I lived a good many years in the middle of a cemetery. Seeing gravestones was a part of everyday life for our family. My children were not prone to whistle in the dark. They were acquainted with the graves of children who had died in an epidemic. They marveled at a beautiful sculpted angel and were touched when I translated the German inscriptions on all four sides of the gravestone. It was a deep expression of trust that God who had let His holy angels watch over us would let those angels carry us to His presence even as the final enemy was faced. Joseph Bottum has written a thoughtful article at First Things. It is interesting to ponder how our funerals and our cemeteries express our faith and our culture.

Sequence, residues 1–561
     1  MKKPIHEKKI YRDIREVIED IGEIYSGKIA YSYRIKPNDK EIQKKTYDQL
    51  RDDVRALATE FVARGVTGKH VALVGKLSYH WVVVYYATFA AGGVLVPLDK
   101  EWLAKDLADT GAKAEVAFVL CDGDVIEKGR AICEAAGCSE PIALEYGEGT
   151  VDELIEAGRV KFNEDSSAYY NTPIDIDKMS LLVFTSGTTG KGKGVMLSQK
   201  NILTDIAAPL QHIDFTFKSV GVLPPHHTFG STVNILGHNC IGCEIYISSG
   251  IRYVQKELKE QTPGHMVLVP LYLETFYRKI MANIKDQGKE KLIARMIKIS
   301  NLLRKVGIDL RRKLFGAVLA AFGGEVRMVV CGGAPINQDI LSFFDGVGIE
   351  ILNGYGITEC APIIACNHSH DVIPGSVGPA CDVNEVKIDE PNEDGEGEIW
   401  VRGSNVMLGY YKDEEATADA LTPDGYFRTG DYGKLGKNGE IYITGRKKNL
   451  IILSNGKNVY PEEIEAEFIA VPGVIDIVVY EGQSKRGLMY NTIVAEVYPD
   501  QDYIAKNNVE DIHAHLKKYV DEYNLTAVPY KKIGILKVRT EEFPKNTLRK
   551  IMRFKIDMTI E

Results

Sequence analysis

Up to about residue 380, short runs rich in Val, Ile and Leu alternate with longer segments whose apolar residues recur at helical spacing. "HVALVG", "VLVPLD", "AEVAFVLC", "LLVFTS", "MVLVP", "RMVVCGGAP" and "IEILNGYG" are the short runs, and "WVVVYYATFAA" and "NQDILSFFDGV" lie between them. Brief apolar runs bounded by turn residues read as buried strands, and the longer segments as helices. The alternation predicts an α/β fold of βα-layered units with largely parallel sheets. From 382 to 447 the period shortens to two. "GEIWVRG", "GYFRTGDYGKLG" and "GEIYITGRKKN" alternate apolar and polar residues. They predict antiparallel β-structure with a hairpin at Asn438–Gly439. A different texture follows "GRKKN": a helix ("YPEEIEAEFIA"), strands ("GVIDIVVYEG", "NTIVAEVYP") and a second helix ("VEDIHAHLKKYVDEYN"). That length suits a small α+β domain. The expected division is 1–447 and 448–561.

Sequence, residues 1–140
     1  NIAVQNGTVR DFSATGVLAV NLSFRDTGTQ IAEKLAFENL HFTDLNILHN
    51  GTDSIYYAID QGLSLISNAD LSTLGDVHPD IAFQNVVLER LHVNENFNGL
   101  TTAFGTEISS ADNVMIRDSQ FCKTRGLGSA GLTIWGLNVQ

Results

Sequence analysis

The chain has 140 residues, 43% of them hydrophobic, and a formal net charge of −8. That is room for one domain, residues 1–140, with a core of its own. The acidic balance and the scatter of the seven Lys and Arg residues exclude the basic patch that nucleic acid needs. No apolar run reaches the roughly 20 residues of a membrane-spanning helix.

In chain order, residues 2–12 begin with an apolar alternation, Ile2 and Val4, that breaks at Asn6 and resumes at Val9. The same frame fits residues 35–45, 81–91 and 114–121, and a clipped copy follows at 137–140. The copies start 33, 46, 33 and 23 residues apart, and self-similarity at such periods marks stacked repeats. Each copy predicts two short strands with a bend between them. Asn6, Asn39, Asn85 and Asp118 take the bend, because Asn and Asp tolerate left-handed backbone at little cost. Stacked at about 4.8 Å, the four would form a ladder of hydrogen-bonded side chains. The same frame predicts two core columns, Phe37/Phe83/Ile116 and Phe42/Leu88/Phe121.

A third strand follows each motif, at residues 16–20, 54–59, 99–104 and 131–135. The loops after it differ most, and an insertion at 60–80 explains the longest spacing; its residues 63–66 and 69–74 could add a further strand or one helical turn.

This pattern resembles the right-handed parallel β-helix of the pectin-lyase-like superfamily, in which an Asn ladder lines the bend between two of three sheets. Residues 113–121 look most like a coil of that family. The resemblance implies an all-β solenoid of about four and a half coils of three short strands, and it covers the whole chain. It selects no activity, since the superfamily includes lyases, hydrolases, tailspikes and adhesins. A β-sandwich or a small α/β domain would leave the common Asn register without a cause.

I am also struck by the change in funeral culture over the past twenty years. More and more it seems to be about a sort of mini-celebrity affair. The whole balloon release, flower bedighted accident sites, made-for-media atmosphere is crowding out our Christian witness.
I am reminded of the funeral of an uncle a few years back. His widow hire a Methodist pastor to conduct a service at the funeral home. It lasted 1 1/2 hours. It included the pastor vested in cowboy garb singing “Ghost Riders in the Sky,” and a smorgasbord of inanities and tastelessness. It has remained in my mind as an example of a loss of faith and a decline in civilization.
Funerals are quickly going the way of weddings. I used to say I would rather hold ten funerals than one wedding. I think the ratio has decreased as funerals have become points of conflict between what is Christian and our crypto-pagan culture.